Elias Bermudez, 68, was both an outspoken immigrant rights activist and, as described by the U.S. Department of Justice in a recent press release, a “long-time” professional tax preparer. Unfortunately, Bermudez put his experience to work breaking the law, pleading guilty to assisting with the preparation of false tax returns – a felony offense under 26 U.S. Code § 7206(2). Bermudez, who admitted to improperly claiming child tax credits on ineligible clients’ tax returns, was sentenced in February to 18 months in federal prison. The defendant was also ordered to pay the IRS restitution totaling approximately $131,000 to offset the losses caused by his crimes. Our criminal tax lawyers take a closer look at the offense of aiding false tax returns, and discuss who really qualifies to claim the Additional Child Tax Credit after the Tax Cuts and Jobs Act (TCJA).
“Yes, I did something wrong,” said Bermudez, appearing last month before U.S. District Judge Diane Humetewa, “and I regret it a lot.”
Bermudez, though perhaps better known for his advocacy work with Immigrants Without Borders, was also a tax preparer in the Phoenix area. His career dates back to at least the 1990s – when another tax preparation service owned by Bermudez was investigated for similar reasons.
In both cases, IRS investigations focused on the preparation of false returns. In the most recent, IRS alarms were triggered by Bermudez’s excessive use of tax credits, namely the Additional Child Tax Credit (ACTC), a federal credit which, for certain tax years, enables qualified taxpayers – emphasis on the word “qualified” – to claim refunds up to $1,400 per eligible child. As the IRS explains, the ACTC is for taxpayers “who get less than the full amount of the CTC [Child Tax Credit]. The ACTC may give you a refund even if you do not owe any tax.” A similar case unfolded in 2017 in Philadelphia, where the owners of a tax preparation business used the stolen identities of foster children to commit tax fraud.
The IRS’ new CTC and ACTC regulations are consolidated, under the TCJA, in IRS Publication 972 (2018), Child Tax Credit. The IRS also offers a short questionnaire to determine whether your child qualifies for the CTC.
According to court records, Bermudez, who was originally indicted on, or charged with, 27 criminal counts, pleaded guilty to one offense in exchange for dismissal of the other 26 charges – namely aiding or assisting in the preparation of false tax returns, which violates 26 U.S. Code § 7206(2). While the first section of 26 U.S. Code § 7206 deals generally with taxpayers who willfully file tax returns containing false information – in other words, tax perjury – 26 U.S. Code § 7206(2) is specific to taxpayers who assist others in doing so. This typically involves tax preparers, EAs or CPAs who engage in return preparer fraud on behalf of clients, promising sizable refunds, often for an exorbitant fee. More broadly, however, it extends to cover “any person who prepares for compensation, or who employs one or more persons to prepare for compensation, any return of tax,” as provided by 26 U.S. Code § 7701(a)(36)(A).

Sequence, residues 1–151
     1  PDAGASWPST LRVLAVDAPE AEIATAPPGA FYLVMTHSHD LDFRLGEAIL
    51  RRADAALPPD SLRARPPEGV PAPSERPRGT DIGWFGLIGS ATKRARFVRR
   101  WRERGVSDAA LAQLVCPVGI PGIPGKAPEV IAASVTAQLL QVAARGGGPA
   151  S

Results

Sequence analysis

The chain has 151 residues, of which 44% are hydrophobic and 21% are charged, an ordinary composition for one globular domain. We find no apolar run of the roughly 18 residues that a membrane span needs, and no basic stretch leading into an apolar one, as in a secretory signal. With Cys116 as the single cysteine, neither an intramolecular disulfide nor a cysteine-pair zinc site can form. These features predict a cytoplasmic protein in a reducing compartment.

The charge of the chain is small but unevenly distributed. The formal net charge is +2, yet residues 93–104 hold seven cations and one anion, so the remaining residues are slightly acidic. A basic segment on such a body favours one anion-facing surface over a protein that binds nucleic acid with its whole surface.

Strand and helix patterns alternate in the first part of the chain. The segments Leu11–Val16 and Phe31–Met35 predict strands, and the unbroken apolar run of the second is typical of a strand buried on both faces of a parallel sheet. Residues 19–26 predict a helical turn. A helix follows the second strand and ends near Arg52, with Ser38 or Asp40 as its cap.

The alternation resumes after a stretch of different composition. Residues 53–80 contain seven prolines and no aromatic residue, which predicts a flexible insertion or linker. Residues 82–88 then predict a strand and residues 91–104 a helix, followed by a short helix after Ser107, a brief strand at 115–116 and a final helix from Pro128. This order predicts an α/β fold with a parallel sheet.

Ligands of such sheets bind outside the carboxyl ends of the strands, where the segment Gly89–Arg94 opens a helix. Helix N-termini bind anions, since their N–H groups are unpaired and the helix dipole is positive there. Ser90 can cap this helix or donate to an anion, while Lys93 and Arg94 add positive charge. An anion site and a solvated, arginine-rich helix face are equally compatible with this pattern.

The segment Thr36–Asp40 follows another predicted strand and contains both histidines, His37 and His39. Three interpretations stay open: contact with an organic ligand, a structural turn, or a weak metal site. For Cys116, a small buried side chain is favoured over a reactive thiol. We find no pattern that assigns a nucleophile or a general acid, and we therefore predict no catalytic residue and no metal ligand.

In this instance, the taxpayer violated this law by helping others to improperly claim tax credits, thus “cheating the system” (“and making a living while you were doing it,” in Humetewa’s words). Additionally, there are a number of other actions that could also lead to criminal charges under 26 U.S. Code § 7206(2), such as helping another taxpayer to conceal or underreport income, or helping another taxpayer to alter or destroy financial records.
As is true of any criminal case, prosecutors must establish certain facts and details, or elements of the offense, in order to obtain a conviction under 26 U.S. Code § 7206(2). For instance, prosecutors must prove that, among other elements of the offense occurring, the defendant acted “willfully” (as opposed to “recklessly” or “negligently”).
Critically, it is not an element of this offense that the defendant signed the false return (or other documents) under penalty of perjury, meaning the government need not prove that the defendant signed any paperwork. This stands in contrast to a charge of tax perjury, i.e. a charge of willfully making and subscribing a false return (26 U.S. Code § 7206(1)), which does require, as an element of the offense, that the document in question “contains or is verified by a written declaration that it is made under the penalties of perjury…”
Under 26 U.S. Code § 7206, the maximum penalties for both tax perjury/subscribing a false return (26 U.S. Code § 7206(1)) and aiding or assisting a false return (26 U.S. Code § 7206(2)) are the same: a prison sentence of up to three years, and/or a criminal fine, distinct from IRS restitution, of up to $100,000 (or, for corporations, $500,000). Bermudez, whose request for probation Humetewa rejected, was sentenced to 18 months in prison.
CPAs, tax preparers, and other taxpayers who engage in or facilitate tax fraud risk facing long prison sentences, costly fines, and debilitating restitution orders. If you have been charged with tax evasion or related offenses, or if you are concerned about a criminal tax audit or IRS criminal investigation, you need to seek legal help immediately.
For a reduced-rate consultation, contact the Orange County tax evasion lawyers at the Tax Law Office of David W. Klasing online, or by calling (800) 681-1295. Providing award-winning service throughout Northern and Southern California, our office is backed by more than 20 years of experience handling misdemeanor and felony tax charges, civil tax audits, tax disputes and appeals, strategic tax planning questions, and related matters.
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